Alzheimer’s Disease: Does Walking Daily Slow it Down?

Walking may slow mental decline in healthy people and adults with mild cognitive impairment and Alzheimer’s disease, according to the findings of a study published by the Radiological Society of North America. The 20-year study included 426 participants, including 299 healthy adults, 127 cognitively impaired adults, and 127 adults with MCI or Alzheimer’s dementia.

The most common reason for someone needing long-term care is that they have Alzheimer’s or another form of dementia. Around 47 million people worldwide suffer from dementia. According to the World Alzheimer’s Report, if no medical breakthrough occurs, this figure could rise to 132 million by 2050.

According to one study, people with dementia accounted for four-fifths of all those in care homes worldwide.

The findings revealed that increased physical activity was associated with increased brain volume.

“We found that walking five miles per week protects the brain structure over 10 years in people with Alzheimer’s and MCI, especially in areas of the brain’s key memory and learning centers,” said Dr. Cyrus Raji. “We also found that these people had a slower decline in memory loss over five years.”

The RSNA cites a National Institute on Aging statistic revealing that between 2.4 million and 5.1 million Americans have Alzheimer’s, with the number expected to rise dramatically over the next ten years.

While Alzheimer’s disease memory loss and cognitive changes cannot be reversed, they can be delayed in the short term. The Rush Memory and Aging Project, a large study that investigated common aging problems as they relate to cognitive and motor function and the risk of Alzheimer’s disease, is constantly updated with input from scholarly publications and can be found on the Rush University Medical Center website. The research clearly shows that stimulating the brain can slow the onset of Alzheimer’s disease, at least in the early stages.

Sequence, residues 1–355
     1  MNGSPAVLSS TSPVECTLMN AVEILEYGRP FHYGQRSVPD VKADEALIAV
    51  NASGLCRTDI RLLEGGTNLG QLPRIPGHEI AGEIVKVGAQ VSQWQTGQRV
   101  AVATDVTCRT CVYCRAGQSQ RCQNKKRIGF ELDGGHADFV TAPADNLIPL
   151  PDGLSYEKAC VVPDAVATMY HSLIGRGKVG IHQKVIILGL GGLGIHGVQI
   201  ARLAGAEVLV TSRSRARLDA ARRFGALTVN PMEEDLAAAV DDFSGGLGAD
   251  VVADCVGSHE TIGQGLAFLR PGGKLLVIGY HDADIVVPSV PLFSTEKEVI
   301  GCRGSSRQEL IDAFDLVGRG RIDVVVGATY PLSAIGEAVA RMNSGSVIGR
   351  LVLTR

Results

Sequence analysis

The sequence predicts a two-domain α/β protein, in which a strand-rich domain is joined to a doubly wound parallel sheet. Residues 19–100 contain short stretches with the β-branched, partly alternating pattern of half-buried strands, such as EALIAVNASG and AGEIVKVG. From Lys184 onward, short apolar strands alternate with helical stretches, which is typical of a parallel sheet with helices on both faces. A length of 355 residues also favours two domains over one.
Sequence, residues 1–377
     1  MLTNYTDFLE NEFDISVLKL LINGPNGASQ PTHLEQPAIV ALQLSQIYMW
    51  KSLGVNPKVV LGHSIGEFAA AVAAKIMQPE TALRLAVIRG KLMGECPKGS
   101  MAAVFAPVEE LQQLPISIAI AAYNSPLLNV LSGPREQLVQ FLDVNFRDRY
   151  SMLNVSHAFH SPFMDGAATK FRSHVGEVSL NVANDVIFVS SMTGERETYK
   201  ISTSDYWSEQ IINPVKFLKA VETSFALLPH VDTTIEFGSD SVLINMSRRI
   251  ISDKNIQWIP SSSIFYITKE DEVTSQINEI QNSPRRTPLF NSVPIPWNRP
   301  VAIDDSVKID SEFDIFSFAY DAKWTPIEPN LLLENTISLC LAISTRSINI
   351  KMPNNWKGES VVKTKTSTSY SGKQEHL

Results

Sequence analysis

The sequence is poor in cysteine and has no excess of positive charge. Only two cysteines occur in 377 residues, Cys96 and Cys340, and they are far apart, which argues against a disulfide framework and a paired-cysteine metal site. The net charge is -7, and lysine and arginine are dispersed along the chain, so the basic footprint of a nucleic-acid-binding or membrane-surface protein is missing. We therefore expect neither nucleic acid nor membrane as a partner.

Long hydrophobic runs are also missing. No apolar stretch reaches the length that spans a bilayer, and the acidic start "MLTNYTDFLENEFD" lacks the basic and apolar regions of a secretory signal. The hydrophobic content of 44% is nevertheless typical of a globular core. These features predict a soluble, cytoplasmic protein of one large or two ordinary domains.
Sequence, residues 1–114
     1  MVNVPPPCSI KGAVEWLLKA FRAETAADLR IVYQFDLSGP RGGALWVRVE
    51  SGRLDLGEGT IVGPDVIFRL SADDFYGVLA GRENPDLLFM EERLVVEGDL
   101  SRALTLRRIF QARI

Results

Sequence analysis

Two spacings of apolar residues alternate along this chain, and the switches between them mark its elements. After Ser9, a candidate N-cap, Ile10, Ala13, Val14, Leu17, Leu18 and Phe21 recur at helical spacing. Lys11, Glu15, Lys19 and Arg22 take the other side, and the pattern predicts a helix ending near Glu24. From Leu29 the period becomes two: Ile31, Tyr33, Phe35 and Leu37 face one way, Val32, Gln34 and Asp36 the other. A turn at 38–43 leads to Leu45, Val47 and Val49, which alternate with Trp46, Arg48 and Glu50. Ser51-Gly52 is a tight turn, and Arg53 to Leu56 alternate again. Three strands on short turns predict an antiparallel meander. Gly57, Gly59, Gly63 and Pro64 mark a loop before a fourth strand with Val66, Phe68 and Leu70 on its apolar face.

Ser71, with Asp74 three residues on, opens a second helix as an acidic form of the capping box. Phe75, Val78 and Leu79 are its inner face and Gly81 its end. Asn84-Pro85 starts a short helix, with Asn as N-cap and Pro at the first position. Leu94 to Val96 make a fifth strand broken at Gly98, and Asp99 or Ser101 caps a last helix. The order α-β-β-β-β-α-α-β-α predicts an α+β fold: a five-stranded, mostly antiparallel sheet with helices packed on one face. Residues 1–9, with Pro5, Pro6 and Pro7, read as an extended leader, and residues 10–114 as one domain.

Some research also appears to suggest that interacting with others – healthy people who are socially active – leads to fewer memory problems in sufferers than in those who are more isolated.

It is critical, however, to avoid formal mental exercises because they may cause stress, which worsens her symptoms.

Excessive socialization can also be stressful. Outings are best when they are low-key (small dinners rather than large parties) and last less than two hours.

Scientists are also looking into dietary solutions for dementia patients, such as antioxidants. Clinical trials have shown that vitamin E slows cognitive decline in Alzheimer’s patients and protects cells from damage. Those same studies are looking into treatments that include B vitamins. According to one 2005 study, healthy people who consumed more than 400 micrograms of the B vitamin folate cut their risk of developing Alzheimer’s by half.

There are currently five FDA-approved medications in use to delay the symptoms of Alzheimer’s disease:

  • Aricept (donepezil)
  • Exelon (rivastigmine)
  • Razadyne (galantamine)
  • Cognex (tacrine hydrochloride)
  • Namenda (memantine)

Because not all of the drugs on the list work for all patients and all have potential side effects or undesirable interactions with other drugs, consulting with a doctor before using any of them is essential.

Those who have the disease rely on life insurance to pay for medical treatment, demonstrating the financial security it provides when people are most in need.

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